Links  to  articles  of  court  cases    and  insurance  issues  http://www.radiationresearch.org/component/content/article?id=26    
http://www.claimsjournal.com/news/national/2013/08/21/235352.htm    

17

 

8  

4.  Analysis  of  SCENIHR's  assessment    
 
 

Despite  consistent  evidence  in  the  scientific  literature  linking  mobile  and  cordless  phone  use  to  head  
tumours,  the  SCENIHR  EMF  working  group  did  not  find  any  significant  risks.    
 
“Overall,  the  epidemiological  studies  on  mobile  phone  RF  EMF  exposure  
do  not  show  an  increased  risk  of  brain  tumours”.  
 
 
 
 
 
 
 
 
 
Scenhir  2015,  page  5  
 

This  performance  was  made  possible  by  the  following  manoeuvres:    
   
• Massively  highlight  a  few  flawed  studies  that  did  not  find  any  risks    
• Emphasize  less  relevant  subsets  of  results  that  did  not  show  any  risks  
• Dismiss  a  vast  majority  of  the  available  studies:  the  ones  that  show  risks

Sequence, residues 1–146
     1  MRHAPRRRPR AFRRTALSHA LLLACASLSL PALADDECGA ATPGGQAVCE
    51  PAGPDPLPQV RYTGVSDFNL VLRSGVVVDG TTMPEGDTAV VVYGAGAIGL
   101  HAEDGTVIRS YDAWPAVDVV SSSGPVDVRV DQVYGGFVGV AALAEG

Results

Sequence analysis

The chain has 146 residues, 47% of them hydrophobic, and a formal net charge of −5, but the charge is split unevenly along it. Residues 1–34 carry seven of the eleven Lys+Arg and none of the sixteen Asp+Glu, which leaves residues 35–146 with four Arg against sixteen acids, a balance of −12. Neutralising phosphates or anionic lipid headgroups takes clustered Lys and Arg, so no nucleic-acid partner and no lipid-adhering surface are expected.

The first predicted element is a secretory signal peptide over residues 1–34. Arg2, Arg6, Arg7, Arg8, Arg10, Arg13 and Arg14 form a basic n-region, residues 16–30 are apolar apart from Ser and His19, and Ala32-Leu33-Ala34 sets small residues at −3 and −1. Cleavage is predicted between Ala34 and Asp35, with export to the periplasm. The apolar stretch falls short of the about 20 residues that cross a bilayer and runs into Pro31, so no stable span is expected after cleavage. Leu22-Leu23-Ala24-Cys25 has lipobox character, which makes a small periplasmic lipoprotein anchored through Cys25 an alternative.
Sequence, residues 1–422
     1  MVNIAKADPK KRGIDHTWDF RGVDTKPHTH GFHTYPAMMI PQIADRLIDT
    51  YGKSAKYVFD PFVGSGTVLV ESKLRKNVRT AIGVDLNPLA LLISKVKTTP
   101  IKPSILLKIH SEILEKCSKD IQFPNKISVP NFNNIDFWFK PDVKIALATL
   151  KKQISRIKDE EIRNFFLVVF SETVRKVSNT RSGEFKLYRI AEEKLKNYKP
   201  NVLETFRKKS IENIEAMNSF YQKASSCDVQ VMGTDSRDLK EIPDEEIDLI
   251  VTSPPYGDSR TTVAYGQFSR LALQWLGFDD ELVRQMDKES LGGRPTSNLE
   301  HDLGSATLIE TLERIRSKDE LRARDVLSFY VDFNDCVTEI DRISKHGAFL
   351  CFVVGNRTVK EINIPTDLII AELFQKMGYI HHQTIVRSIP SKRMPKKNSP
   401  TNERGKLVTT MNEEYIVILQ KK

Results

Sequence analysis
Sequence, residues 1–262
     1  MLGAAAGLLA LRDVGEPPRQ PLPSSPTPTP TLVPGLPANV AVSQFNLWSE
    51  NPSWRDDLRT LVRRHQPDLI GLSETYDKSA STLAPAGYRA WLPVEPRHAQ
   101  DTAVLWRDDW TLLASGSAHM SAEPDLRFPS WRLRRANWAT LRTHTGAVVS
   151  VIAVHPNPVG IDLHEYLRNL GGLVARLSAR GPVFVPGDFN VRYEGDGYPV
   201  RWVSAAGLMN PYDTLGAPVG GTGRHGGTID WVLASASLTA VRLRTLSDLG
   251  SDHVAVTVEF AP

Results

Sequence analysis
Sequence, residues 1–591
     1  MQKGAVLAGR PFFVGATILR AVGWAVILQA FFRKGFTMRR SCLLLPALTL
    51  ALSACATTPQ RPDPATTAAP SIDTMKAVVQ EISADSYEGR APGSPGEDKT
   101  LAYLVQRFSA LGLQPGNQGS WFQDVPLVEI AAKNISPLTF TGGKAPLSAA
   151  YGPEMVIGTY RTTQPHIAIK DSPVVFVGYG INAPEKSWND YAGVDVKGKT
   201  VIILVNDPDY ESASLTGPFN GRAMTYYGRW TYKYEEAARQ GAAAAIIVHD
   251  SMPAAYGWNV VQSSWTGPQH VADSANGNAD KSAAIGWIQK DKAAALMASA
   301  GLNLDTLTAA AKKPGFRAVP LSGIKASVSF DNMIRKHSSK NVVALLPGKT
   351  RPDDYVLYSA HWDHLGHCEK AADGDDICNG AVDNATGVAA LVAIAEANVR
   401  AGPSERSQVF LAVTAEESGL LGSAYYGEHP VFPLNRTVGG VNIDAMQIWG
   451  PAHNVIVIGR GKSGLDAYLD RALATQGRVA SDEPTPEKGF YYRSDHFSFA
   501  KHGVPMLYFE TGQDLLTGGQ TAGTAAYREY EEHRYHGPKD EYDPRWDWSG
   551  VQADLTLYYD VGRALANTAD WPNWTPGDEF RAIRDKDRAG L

• Rely  on  selective  brain  tumour  incidence  trend  data.  Ignore  worrisome  statistics.  
• Bury  the  scientific  controversy.        
 
 

Highlighted  studies  with  known  flaws  
 
When  evaluating  brain  tumour  risks  from  mobile  phone  use,  the  SCENIHR  mainly  relies  on  the  two  
cohort  studies  that  are  seriously  biased  towards  finding  no  increased  risks  due  to  substantial  
exposure  misclassification,  the  Danish  cohort  and  Benson  et  al.  The  flaws  described  above  (see  
"Cohort  studies"  p.4.)  are  well-­‐known.  The  European  Commission  expert  group  still  chooses  to  
largely  refer  to  these  low  quality  studies.      
 
If  the  reason  is  to  be  found  in  the  studies'  industry-­‐friendly  no-­‐risk  results,  it  could  be  worth  stressing  
that  Danish  mobile  phone  operators  initially  funded  the  Danish  cohort  study:  Tele  Denmark  Mobil  
and  Sonafon.  It  also  received  funding  by  IEI  and  the  Danish  Cancer  Society.  (The  source  of  money  for  
the  IEI  is  not  known.)  This  financial  bias  adds  potential  flaw  to  the  study  as  Mobile  phone  companies  
widely  benefit  from  no-­‐risk  result.